WASHINGTON — The Supreme Court announced on Thursday that it would hear a case that could radically reshape how federal elections are conducted by giving state legislatures independent power, not subject to review by state courts, to set election rules in conflict with state constitutions.
The case has the potential to affect many aspects of the 2024 election, including by giving the justices power to influence the presidential race whenever state courts interpret their constitutions to require changes to state election laws.
In taking up the case, the court could upend nearly every facet of the American electoral process, allowing state legislatures to set new rules, regulations and districts on federal elections with few checks against overreach, and potentially create a chaotic system with differing rules and voting eligibility for presidential elections.
“The Supreme Court’s decision will be enormously significant for presidential elections, congressional elections and congressional district districting,” said J. Michael Luttig, a former federal appeals court judge. “And therefore, for American democracy.”
Protections against partisan gerrymandering established through the state courts could essentially vanish. The ability to challenge new voting laws at the state level could be reduced. And the theory underpinning the case could open the door to state legislatures sending their own slates of electors.
Currently, Republicans have complete control over 30 state legislatures in the country, according to the National Conference of State Legislatures, and were the force behind a wave of new voting restrictions passed last year. And Republican legislatures in key battleground states like Wisconsin, Pennsylvania, North Carolina and Texas have used their control over redistricting to effectively lock in power for a decade.
Democrats, in turn, control just 17 state legislatures.
The case concerns a voting map drawn by the North Carolina legislature that was rejected as a partisan gerrymander by the State Supreme Court. Republicans seeking to restore the legislative map argued that the state court was powerless to act under the so-called independent state legislature doctrine.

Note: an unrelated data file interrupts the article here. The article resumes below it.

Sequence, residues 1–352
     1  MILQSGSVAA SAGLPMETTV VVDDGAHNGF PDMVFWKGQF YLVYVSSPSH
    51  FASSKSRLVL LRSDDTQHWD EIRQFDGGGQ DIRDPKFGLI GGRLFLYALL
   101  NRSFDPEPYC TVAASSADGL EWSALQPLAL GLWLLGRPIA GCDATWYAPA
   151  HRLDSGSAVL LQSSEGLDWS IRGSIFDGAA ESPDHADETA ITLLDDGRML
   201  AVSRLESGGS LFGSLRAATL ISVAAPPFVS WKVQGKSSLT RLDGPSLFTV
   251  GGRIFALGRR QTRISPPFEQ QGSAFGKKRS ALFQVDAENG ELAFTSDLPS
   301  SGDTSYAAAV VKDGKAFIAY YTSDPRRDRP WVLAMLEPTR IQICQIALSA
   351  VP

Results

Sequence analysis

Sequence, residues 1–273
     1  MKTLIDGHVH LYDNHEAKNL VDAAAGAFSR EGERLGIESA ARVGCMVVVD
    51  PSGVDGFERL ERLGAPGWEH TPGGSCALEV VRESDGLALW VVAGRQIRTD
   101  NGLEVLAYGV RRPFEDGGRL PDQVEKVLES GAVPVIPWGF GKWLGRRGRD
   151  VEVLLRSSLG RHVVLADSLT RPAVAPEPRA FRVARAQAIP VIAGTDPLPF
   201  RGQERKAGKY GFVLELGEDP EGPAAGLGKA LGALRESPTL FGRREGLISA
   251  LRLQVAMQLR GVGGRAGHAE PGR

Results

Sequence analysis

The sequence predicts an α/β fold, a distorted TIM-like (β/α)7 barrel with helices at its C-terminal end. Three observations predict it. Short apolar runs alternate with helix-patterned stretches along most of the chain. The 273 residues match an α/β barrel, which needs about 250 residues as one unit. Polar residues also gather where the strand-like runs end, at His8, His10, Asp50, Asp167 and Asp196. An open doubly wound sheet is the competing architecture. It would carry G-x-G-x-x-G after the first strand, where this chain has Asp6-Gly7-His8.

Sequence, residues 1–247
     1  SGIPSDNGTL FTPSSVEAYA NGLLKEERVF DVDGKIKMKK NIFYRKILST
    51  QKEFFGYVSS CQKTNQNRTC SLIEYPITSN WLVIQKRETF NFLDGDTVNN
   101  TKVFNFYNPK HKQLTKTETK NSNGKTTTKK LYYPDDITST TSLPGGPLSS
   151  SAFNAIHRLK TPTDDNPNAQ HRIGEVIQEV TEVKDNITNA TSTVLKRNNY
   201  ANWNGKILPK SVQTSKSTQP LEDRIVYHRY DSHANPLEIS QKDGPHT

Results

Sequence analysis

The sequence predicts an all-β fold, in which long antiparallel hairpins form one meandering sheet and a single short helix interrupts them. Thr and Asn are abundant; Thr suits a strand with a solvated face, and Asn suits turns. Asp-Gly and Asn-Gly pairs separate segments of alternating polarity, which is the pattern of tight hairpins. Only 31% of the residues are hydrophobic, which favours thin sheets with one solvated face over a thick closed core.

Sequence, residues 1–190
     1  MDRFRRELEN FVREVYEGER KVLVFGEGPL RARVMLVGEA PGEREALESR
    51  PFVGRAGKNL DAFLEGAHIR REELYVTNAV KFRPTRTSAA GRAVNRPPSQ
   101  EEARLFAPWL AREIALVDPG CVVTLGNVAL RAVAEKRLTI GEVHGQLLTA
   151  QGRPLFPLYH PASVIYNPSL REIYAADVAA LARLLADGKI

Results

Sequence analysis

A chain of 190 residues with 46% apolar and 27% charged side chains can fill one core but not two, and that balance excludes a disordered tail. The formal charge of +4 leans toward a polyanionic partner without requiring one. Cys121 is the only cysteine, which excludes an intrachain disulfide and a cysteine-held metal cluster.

The doctrine is based on a reading of two similar provisions of the U.S. Constitution. The one at issue in the North Carolina case, the Elections Clause, says: “The times, places and manner of holding elections for senators and representatives, shall be prescribed in each state by the legislature thereof.”
That means, North Carolina Republicans argued, that the state legislature has sole responsibility among state institutions for drawing congressional districts and that state courts have no role to play.
The North Carolina Supreme Court rejected the argument that it was not entitled to review the actions of the state legislature, saying that would be “repugnant to the sovereignty of states, the authority of state constitutions and the independence of state courts, and would produce absurd and dangerous consequences.”
“This case presents an exceptionally important and recurring question of constitutional law, namely, the extent of a state court’s authority to reject rules adopted by a state legislature for use in conducting federal elections,” Justice Samuel A. Alito Jr. wrote, joined by Justices Clarence Thomas and Neil M. Gorsuch.
Justice Brett M. Kavanaugh agreed that the question was important. “The issue is almost certain to keep arising until the court definitively resolves it,” he wrote.
But the court should consider it in an orderly fashion, he wrote, outside the context of an approaching election. He wrote that the court should grant a petition seeking review on the merits “in an appropriate case — either in this case from North Carolina or in a similar case from another state.”
The court has now granted the petition in the North Carolina case, Moore v. Harper, No. 21-1271, and it will hear arguments in its next term, which starts in October.
Some precedents of the U.S. Supreme Court tend to undermine the independent state legislature doctrine.